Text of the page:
doubt allow herself a modest celebration this weekend. But one


admirer says that when the going seems easy, a wise leader makes


preparations for more difficult times. The biggest problem you have


when you are very strong is that you can't imagine a moment when you


might not be and therefore you don't plan for it. The long-term strategic


challenge for the Conservative Party, with younger voters and more


diverse voters and urban voters because you are doing so well


because you're winning, you forget that you have to keep renewing your


appeal, you have to keep modernising the party. You can do that by some


extent with instinct but you require deliberate strategic moves. Our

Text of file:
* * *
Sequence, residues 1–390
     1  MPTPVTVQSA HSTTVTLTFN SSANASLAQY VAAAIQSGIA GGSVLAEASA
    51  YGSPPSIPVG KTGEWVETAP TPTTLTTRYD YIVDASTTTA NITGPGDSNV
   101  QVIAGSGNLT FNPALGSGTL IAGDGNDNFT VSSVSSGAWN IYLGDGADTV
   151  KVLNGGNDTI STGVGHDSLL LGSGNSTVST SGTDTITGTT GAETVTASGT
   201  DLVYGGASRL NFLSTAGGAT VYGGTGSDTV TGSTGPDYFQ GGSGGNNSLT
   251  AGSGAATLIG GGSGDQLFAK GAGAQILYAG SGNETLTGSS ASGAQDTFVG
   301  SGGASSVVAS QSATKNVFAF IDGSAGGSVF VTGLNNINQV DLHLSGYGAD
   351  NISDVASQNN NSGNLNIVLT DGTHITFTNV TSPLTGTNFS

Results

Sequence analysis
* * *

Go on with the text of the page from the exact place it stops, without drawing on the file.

Prime Minister is for the moment Britain's unchallenged empress. She


will need no reminding of the role of the Roman slave who whispered to


the triumphant general to be wary of hubris, remember, you are mortal.


The shadow foreign secretary is Emily Thornberry and she joins me


Good evening. You've held Copeland since 1935, widely due lose it? It


has always been a marginal, it has always been a fight, we had a


majority of 2000 and there were particular factor is happening in


the constituency. The biggest employer was Sellafield and the


Tories were putting out leaflets saying that Jeremy is against


nuclear power. That came up on the doorstep all the time. Even though


we had conversations and said we were in favour of nuclear power: we


couldn't have enough conversations to allay peoples fears, so that was


a major factor. The health service came up. I don't want to burst your


bubble, I know you've had fun with that clip, but come on, Theresa May


was raised on the doorstep by people who pointed out that when she


visited the constituency she had been asked four Times about the


future of the hospital maternity unit and failed to answer. The